President Hamid Karzai himself was aware of how the growing number of poppy fields was contributing to his inability to expand the authority of the central government. Yet he also made his own contribution to the problem by continuing to deal with some warlords, while attempting to assert the authority of the central government vis-a-vis others.
Now, with presidential elections due in October, the Afghan government and its US masters are worried about the dangerous role of the growing poppy trade for the evolution of democracy in Afghanistan. According to a United Nations report, drug production generated US$2.3 billion in Afghanistan in 2003, and the 3,600 tonnes of heroin produced last year accounted for up to 95% of the heroin on Europe's streets. According to a UN estimate, Afghanistan accounted for three-quarters of the world's opium last year. About 1.7 million rural Afghans, 7% of the population, rely on poppy cultivation. The Karzai government is unable to entice poppy growers away from that crop by paying the measly amount of $350 per hectare for the destruction of their poppy fields, while those farmers can easily earn $3,000 per hectare for growing it.
"Out of this drug chest, some [Afghan] provincial administrators and military commanders take a considerable share," the UN report says. "The more they get used to this, the less likely it becomes that they will respect the law, be loyal to Kabul and support the legal economy."
Bush administration officials have said that the crop this year will produce 5,400-7,200 tonnes of opium gum, an increase of 50-100% compared with 2003.
What are the chances that Afghanistan may be saved from the killing fields of poppy? Examining just one set of statistics may provide a cursory answer. The world community of donor nations rallied more than three months ago in Berlin at an international conference on Afghanistan to pledge $11.5 billion for reconstruction over three years. However, Afghanistan - with a population of 25 million to 30 million - is estimated to be in need of at least $39 billion just for the end of this decade. What nation is willing to commit hard cash of that magnitude for the long haul? Certainly not the US, which is already dumping billions of dollars into the black hole of Iraq, where political stability appears nothing more than a mirage. Besides, after the presidential elections in the US, America's own commitment to staying put in Afghanistan - or Iraq - is likely to undergo a major overhaul. Presidential hopeful John Kerry is already using the euphemistic language of relying on the international community, which has shown limited interest in investing its own precious resources in Afghanistan, where the emergence of law and order in the near term appears minimal. If Bush is re-elected, then even he has to start thinking more and more about his legacy - as all presidents do during their second term. And getting out of Afghanistan is likely to become part of his thinking then.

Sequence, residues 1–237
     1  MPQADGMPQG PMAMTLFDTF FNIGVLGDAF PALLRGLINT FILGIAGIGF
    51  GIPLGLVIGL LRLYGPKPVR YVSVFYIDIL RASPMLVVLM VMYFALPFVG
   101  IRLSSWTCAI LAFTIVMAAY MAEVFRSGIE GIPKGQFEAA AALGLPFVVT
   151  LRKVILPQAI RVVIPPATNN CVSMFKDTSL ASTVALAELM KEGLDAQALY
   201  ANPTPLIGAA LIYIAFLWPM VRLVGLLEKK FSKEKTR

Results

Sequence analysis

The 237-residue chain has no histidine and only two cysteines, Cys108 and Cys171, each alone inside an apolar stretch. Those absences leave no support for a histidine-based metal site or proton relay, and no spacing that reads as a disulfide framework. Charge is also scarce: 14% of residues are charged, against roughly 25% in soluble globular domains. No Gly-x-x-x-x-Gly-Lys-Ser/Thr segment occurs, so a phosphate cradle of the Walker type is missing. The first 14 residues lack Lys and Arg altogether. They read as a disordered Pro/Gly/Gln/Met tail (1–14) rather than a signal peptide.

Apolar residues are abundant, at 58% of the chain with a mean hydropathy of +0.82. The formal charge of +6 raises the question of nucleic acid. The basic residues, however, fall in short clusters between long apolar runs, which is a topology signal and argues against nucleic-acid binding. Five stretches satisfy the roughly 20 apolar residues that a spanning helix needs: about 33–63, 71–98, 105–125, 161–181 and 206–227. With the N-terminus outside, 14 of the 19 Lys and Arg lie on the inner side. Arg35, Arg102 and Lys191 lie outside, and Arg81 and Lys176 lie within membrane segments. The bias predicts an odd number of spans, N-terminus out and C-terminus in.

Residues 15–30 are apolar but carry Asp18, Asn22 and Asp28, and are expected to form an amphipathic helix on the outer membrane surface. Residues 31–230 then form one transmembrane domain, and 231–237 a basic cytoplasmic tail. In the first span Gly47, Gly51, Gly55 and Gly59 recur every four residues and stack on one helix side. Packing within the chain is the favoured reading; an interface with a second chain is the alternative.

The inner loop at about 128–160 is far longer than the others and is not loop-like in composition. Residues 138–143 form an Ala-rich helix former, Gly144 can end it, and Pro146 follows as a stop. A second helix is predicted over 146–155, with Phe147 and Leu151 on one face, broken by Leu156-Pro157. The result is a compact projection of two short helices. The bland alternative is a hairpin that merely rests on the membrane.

In the interim, Afghanistan appears to be as ungovernable now as it was when the Soviet Union occupied it for a decade from 1979, with a grand dream of enslaving it. The United States did not enter with that kind of dream. However, by ousting the Taliban regime, it became obligated - indeed responsible - for the creation of a stable Afghanistan. As the troubled country gets closer to electing a president, its own destiny appears firmly entangled in the death grip of opium traders. Unfortunately, while the latter appear resolute about not letting go of the country, no one in the international community is likely to stay and fight with them over the long haul to salvage Afghanistan from the killing fields.
Ehsan Ahrari, PhD, is an Alexandria, Virginia, US-based independent strategic analyst.